Source: J. Ryan Lamare, Industrial & Labor Relations Review, Vol. 63, No. 3, April 2010
From the abstract:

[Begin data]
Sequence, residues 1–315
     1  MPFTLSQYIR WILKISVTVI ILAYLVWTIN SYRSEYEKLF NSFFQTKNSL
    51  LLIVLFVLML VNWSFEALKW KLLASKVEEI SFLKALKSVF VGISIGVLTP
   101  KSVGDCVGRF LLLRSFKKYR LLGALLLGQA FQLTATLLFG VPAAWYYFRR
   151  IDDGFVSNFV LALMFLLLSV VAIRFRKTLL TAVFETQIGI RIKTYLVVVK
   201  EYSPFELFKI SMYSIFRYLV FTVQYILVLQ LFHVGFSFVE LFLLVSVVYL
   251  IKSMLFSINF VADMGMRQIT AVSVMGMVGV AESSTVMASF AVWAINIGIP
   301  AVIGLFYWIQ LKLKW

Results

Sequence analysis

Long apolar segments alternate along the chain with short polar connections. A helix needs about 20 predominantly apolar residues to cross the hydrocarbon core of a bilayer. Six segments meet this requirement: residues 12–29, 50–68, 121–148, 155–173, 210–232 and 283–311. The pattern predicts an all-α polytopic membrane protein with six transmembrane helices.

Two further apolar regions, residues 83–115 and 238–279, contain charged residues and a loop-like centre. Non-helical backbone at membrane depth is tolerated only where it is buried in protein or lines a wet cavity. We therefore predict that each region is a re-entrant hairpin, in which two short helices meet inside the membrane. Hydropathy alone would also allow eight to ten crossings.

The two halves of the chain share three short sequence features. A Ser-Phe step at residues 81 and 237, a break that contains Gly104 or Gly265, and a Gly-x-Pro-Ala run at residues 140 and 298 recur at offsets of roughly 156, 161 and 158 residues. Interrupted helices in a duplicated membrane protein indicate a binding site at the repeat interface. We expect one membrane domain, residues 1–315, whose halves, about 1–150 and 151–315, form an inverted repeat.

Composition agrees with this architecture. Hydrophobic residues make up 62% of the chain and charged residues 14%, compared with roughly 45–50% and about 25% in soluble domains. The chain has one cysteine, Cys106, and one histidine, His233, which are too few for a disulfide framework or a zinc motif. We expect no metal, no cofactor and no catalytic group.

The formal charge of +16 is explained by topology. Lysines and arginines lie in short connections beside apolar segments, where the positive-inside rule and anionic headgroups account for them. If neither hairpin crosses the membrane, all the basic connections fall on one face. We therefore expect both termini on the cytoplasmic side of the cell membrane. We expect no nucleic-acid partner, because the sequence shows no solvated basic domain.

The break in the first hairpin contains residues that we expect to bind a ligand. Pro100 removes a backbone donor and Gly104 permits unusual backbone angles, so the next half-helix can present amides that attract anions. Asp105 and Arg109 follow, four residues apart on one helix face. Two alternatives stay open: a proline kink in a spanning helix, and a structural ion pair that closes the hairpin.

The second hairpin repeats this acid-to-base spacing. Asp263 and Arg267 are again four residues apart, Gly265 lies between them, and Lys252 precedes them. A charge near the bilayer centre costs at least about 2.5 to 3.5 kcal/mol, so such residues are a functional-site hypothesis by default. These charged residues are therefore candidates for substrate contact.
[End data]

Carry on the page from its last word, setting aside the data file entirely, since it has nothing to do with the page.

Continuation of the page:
This paper quantitatively examines the effects of political mobilization contacts by the Los Angeles County Federation of Labor on voter turnout, using voting records of several thousands of individuals in South Los Angeles over three local elections in 2003 and 2004. Many view Los Angeles as a key example of U.S. labor movement revitalization, with the County Federation’s political acumen considered paramount to the local labor movement’s success. This paper looks at union mobilization efforts across multiple years and highlights the strong ties between the Federation and Latinos. Using logistic regressions, the paper measures the change in voting odds accorded to union contact in each election. The results indicate that all types of union contacts (including personal visits and live phone calls) play a significant and positive role in affecting turnout levels of voters and are particularly influential amongst Latinos, though the finding that personal contacts do not uniformly increase turnout odds more substantially than phone calls runs contrary to recent political science studies.